To the trusting reader, this looks like a perfect realization of the Marxist paradigm, in which the ruling ideas become the ideas of the ruling class, which controls the means of education. But contrary to her own assertions, Rigoberta was not uneducated. Nor did her father oppose her education because he feared that the schools would indoctrinate her in the values of the ladino ruling class. According to classmates, teachers, and family members, Vicente Menchu did send Rigoberta to school. In fact, he sent her to two prestigious private boarding schools, operated by Catholic nuns, where she received the equivalent of a middle-school education. (In a telling irony, it is most likely there that she was recruited to the Marxist faith and became a spokesperson for the Communist guerrillas.) Because Rigoberta was indeed away at boarding school for most of her youth, moreover, her detailed accounts of herself laboring eight months a year on coffee and cotton plantations and organizing a political underground are also probably false.

These and other pertinent details have now been established by anthropologist David Stoll, one of the leading academic experts on Guatemala. Stoll interviewed more than 120 Guatemalans, including relatives, friends, neighbors, and former teachers and classmates of Rigoberta Menchu, over a ten-year period, as the basis of his new biography, Rigoberta Menchu and the Story of All Poor Guatemalans. To coincide with the publication of Stoll’s book, the New York Times sent reporter Larry Rohrter to Guatemala to attempt to verify Stoll’s findings, which he was readily able to do.

Perhaps the most salient of Stoll’s findings is the way in which Rigoberta Menchu has distorted the sociology of her family situation, and that of the Mayans in the region of Uspantan, to conform to Marxist precepts. The Menchus were not part of the landless poor, and Rigoberta had no brother who starved to death, at least none that her own family could remember. The ladinos were not a ruling caste in Rigoberta’s town or district, in which there were no large estates, or fincas, as she claims. Far from being a dispossessed peasant, Vicente Menchu had title to 2,753 hectares of land. The 22-year land dispute described by Rigoberta, which is the central event in her book leading to the rebellion and the tragedies that followed was, in fact, over a tiny, but significant, 151-hectare parcel. Most importantly, Vicente Menchu’s “heroic struggle against the landowners who wanted to take our land” was in fact not a dispute with representatives of a European-descended conquistador class, but with his own Mayan relatives, the Tum family, headed by his wife’s uncle.

Vicente Menchu did not organize a peasant resistance called the Committee for Campesino Unity. He was a conservative peasant insofar as he was political at all. Even more importantly, his consuming passion was not any social concern, but the family feud with his in-laws, who were small landowning peasants like himself. It was his involvement in this family feud that caused him to be caught up in the larger political drama enacted by students and professional revolutionaries, that was really irrelevant to his concerns and that ultimately killed him.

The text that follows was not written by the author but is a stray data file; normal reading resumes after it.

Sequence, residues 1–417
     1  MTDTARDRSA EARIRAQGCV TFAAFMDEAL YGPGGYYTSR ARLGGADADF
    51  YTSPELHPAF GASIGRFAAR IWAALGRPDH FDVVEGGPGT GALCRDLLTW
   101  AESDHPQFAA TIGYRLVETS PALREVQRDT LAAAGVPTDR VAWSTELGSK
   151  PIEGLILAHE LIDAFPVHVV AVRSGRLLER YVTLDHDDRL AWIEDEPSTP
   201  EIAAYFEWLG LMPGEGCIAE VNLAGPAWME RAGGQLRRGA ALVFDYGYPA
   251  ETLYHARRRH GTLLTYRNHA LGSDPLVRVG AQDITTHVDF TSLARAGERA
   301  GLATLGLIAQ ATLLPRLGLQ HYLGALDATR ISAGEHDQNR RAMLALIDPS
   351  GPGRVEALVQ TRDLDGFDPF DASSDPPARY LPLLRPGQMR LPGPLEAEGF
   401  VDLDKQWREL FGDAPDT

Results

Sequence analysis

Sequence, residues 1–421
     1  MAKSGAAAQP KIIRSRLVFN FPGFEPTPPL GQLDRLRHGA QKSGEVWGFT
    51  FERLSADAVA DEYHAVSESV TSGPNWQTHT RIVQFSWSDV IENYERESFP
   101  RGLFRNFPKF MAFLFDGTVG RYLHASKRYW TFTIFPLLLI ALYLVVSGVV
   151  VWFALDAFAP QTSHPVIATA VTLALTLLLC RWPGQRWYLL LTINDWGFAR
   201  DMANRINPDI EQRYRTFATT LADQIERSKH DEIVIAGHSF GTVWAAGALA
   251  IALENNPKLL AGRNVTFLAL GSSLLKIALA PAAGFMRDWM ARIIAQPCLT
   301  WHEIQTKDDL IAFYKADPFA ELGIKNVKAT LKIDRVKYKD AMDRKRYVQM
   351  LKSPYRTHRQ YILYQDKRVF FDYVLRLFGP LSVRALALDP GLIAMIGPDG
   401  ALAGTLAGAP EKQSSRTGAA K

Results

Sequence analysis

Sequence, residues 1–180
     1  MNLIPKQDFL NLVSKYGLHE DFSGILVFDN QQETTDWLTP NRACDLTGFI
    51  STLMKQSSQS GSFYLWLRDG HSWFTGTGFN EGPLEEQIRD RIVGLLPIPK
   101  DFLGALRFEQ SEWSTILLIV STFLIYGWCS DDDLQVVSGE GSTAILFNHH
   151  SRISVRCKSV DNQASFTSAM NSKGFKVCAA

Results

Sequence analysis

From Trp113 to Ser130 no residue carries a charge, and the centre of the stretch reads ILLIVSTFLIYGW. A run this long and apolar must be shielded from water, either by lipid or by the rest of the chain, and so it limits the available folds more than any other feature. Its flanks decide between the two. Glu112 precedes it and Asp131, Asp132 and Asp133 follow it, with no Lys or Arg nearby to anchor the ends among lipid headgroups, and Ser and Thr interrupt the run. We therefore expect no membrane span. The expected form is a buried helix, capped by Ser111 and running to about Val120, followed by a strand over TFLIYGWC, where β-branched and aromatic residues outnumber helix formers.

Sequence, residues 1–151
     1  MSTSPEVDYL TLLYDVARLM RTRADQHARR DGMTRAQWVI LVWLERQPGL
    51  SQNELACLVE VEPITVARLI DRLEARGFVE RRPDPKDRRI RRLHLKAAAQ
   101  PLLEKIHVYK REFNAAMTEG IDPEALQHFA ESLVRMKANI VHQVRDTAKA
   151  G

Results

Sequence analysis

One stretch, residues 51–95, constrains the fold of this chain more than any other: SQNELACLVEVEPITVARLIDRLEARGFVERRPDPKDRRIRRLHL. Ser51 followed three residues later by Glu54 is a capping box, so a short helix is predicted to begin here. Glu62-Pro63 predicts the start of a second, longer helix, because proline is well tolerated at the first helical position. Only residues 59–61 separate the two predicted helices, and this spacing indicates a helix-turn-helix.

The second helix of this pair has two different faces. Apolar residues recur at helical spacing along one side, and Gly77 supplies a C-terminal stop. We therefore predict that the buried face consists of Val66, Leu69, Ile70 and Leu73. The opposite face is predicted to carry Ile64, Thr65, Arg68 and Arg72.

At the end of the Seventies, coinciding with a global Soviet offensive, Cuba’s Communist dictator, Fidel Castro, launched a new turn in Cuban foreign policy, sponsoring and arming a series of guerrilla uprisings in Central America. The most significant of these were in Nicaragua, El Salvador, and Guatemala, and followed lines that had been laid down by Regis Debray and Che Guevara a decade before. The leaders of these movements were generally not Indian peasants but urban Hispanics, principally the disaffected scions of the middle and upper classes. They were often the graduates of cadre training centers in Moscow and Havana, and of terrorist training camps in Lebanon and East Germany. (The leaders of the Salvadoran guerrillas even included a Lebanese Communist and Shiite Muslim named Shafik Handal.)

One of these forces, Guatemala’s Guerrilla Army of the Poor, showed up in Uspantan, the largest township near Rigoberta’s village of Chimel, on April 29, 1979. According to eyewitnesses, the guerrillas painted everything within reach red, grabbed the tax collectors’ money and threw it in the streets, tore down the jail, released the prisoners, and chanted in the town square, “We’re defenders of the poor,” for fifteen or twenty minutes.

None of the guerrilla intruders was masked, because none of them was local. As strangers, they had no understanding of the situation in Uspantan in which virtually all the land disputes were between the Mayan inhabitants themselves. Instead, they perceived the social problem according to the Marxist textbook version, which has now been perpetuated by Rigoberta and the Nobel Prize committee through Rigoberta’s book. In their first revolutionary act, the guerrillas executed two local ladino landholders.